“Do for a fact.” He wiggled his feet to prove they were still there, whistled softly. “Dayyy-um.”

Bobby had no idea how deep the water was, but he dumped what had drifted into his dad’s waders, pulled them on and tied a knot in the shoulder straps while the boat slowly settled toward the water line. Carrie Louise cussed a blue streak of randomly constructed profanity under her breath, her heels now resting on the rusty oarlocks, the water closing in on her cutoffs.

He stepped out into water waist-deep on his average to a little tall, twelve-year-old frame, let the breath he’d been holding go. His dad’s waders were up to his chin, so unless a snake slopped over the top they were good. He sloshed the few steps to Carrie Louise.

“When I turn around, climb on my shoulders. Baby style, not piggyback.” He handed back the shotgun. “You see a gator, CL? Or another snake? Holler and let me shoot. Got it?”

“Okay. But you can’t drop me in, in there. In this…You can’t.” She looked over her shoulder in the direction the snake had taken off, climbed on his shoulders. She wrapped her arms around his forehead, her legs tucked under his arms, heels almost touching the base of his neck. “How far is it?”

“As far as it is.”

“Big help. Do NOT drop me.” She shivered involuntarily. “Please.”

“No need to get all polite, CL. You have the shotgun.”

Bobby took a minute to get his bearings, knowing how his dad was gonna raise all sorts of hell about the trolling motor. Once dad knew he could find it and the water wasn’t very deep they’d be back to get the motor, take it home, dry it out and rebuild it on the garage floor. He’d rebuild it, dad would drink beer and give bad advice, mom would put some vodka in her iced coffee or tea and read the latest and greatest from the library where she worked. And pretend to watch them like she cared while whatever was in the oven turned black.

***

Carrie Louise climbed off his shoulders on to dry ground and started screaming again when Bobby waded out. Another snake had hitched a ride, its fangs embedded in the thick rubber heel of the waders. Bobby saw CL point the shotgun at his foot and screamed with her. She shoved the shotgun into his chest, took off down the finger of two-lane ruts that cut through the swamp. Bobby picked up the shotgun, put the barrel against the snake’s head and pushed until the snake lost its grip and recoiled away. He had one shell in the sawed-off swamp boat gun, and he might need it for more than a snake dumb enough to hit waders.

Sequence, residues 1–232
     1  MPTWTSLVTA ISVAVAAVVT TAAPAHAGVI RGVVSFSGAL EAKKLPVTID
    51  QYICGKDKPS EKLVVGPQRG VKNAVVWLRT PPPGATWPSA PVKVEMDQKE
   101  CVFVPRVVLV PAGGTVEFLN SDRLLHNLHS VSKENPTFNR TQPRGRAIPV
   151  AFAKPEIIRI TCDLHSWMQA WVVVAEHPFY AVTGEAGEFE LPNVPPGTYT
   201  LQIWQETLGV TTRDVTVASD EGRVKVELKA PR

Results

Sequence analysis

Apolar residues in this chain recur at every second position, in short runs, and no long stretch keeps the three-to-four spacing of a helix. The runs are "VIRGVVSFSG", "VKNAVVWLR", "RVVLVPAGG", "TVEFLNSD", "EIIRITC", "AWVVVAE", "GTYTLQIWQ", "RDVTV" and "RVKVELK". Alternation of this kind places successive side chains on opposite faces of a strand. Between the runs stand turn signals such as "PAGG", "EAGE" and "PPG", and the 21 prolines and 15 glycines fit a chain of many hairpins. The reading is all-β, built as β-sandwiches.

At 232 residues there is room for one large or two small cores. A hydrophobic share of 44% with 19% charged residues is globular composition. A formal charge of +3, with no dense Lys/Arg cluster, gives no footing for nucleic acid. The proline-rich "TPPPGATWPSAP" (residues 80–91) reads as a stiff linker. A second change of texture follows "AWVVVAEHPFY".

***

Sheriff Sheridan Wylie, a little overweight in a uniform and life vest that fit a couple of years ago, swung Terrebonne Parish Swamp Patrol Boat number 2 alongside the finger of dry land and waited for the two stragglers in the shimmering heat haze headed his way, a .40 caliber pistol, safety off, behind his back.

“Well, I do declare. Carrie Louise Roche and Bobby Buisson. You might crack that shotgun open and hand it to me, young Mister Bobby. Go a looooong ways toward keepin’ my blood pressure under control.”

“Yes sir.” Bobby broke the sawed-off open, offered it butt first. “Sorry.”

“Think nothin’ of it.” Wylie took the sawed-off, holstered his pistol. “What’s a coupla lethal weapons between friends? Now, y’know, when I got the call about two kids with a shotgun wandering the Mauvais Bois, I thought maybe I had me some lost poachers or the next Bonnie and Clyde. Hell no, ain’t nothin’ to it but Houma’s own double trouble.”